[tweetmeme]Web analytics tools are meant for collecting, measuring and analyzing data to understand web usage and trends. However, web analytics goes beyond telling you how many people visited your site or where they came from. It can be a powerful market research tool that can tell you a great deal about your consumers, your website as well as your product. How does it work and what is web analytics? We spill the beans.
Web analytics can be mainly categorized as onsite and offsite web analytics.
On-site Web Analytics:
In on-site web analytics, you map the journey of a visitor through your website. Right from which page they came on (landing page) through to what they visit thereafter. You can find out the amount of time spent on each page and the total amount of time spent on the website. If you run a commercial website, web analytics can help figure out which pages generated more income for you.
Off-Site Web Analytics:
Off-site web analytics, as the term suggests, is about measuring how much your brand, your industry, your company, etc., are discussed across the web. This includes monitoring blogs, social media, forums, etc. It is the key to understand what is being said about your company, where it’s being said, and why. The idea is to figure if there is opportunity, what is your visibility and is your website generating a buzz. There are many online tools that can be used to do social media keyword research. Many new tools have also come up to meet business specific needs of various users.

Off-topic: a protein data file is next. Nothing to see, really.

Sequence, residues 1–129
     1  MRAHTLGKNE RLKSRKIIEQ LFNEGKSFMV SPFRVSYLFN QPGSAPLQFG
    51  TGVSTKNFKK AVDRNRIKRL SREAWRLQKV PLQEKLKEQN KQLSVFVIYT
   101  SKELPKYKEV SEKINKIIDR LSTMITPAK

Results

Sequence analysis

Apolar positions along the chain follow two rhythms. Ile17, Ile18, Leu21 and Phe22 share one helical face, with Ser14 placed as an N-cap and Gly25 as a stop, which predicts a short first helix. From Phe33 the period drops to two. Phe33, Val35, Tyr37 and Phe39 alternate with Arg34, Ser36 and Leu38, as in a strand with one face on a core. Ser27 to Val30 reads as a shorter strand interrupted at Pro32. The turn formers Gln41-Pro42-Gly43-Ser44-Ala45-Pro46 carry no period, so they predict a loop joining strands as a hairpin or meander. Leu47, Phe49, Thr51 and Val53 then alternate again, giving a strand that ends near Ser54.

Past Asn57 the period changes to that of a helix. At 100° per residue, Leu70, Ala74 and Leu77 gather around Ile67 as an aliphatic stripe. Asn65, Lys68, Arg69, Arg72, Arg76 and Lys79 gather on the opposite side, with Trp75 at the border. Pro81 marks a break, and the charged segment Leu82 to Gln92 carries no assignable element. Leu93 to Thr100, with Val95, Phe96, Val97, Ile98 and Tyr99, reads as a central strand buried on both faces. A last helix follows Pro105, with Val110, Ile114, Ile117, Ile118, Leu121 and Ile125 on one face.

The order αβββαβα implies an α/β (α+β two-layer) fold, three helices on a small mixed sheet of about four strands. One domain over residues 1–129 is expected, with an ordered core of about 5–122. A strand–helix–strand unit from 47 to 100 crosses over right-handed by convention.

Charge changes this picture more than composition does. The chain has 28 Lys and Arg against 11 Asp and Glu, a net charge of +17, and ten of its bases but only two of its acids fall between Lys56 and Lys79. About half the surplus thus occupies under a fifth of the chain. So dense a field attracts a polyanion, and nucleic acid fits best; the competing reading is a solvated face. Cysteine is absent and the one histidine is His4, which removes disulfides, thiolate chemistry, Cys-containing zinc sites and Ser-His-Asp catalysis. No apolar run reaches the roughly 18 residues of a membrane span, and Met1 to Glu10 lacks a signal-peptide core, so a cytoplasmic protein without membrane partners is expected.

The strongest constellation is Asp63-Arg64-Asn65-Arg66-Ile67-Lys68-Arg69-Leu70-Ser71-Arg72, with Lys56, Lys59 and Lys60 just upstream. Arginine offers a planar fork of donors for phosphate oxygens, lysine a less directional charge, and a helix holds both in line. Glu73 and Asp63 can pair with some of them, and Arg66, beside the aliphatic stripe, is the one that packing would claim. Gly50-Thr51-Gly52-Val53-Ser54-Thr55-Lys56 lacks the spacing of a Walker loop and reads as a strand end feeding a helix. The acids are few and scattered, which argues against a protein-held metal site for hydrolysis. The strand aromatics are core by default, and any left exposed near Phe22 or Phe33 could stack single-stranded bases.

Now that you know a bit about the different kinds of web analytics and what it can do for you, it’s time to figure out how to go about the research.
How to get started:
1. Understand what you want to know:
Before you start collecting the data, it is important to identify the questions you want the data to answer. Some examples are: Where are my users coming from? How many visitors does the website get in a stipulated period of time? Are the visitors doing what they’re supposed to do on the website? From which page are my visitors leaving my website? This is also a good stage to decide how deep you want your research to go and in which areas. If you plan right at this stage, you will be able to make the best use of your time as the research results are vast and analyzing the research can be painstakingly tedious.
2. Choose your web analytics solution:
Google Analytics is a good way to start. It’s free and over the years has come to become a key player in the industry. StatCounter is another good one. You can also opt for various paid solutions. The data you will be gathering through these tools will be the foundation for big decisions you might be making in the future.
3. Hire a consultant:
If you are not technically inclined, it’s best to let professionals scan through the data and work on the insights and reports with you. The data can be vast and overwhelming to look at. A professional can read the data with a different perspective and hence give you better insights. This can help you make decisions that can enhance the user experience on your website which will eventually lead to your website being more efficient.
You don’t need to hire full-time resource for this job. A virtual web analytics consultant can be a good investment in the long term.
So there you have it. The basics on web analytics and what you need to know to get started. Track away…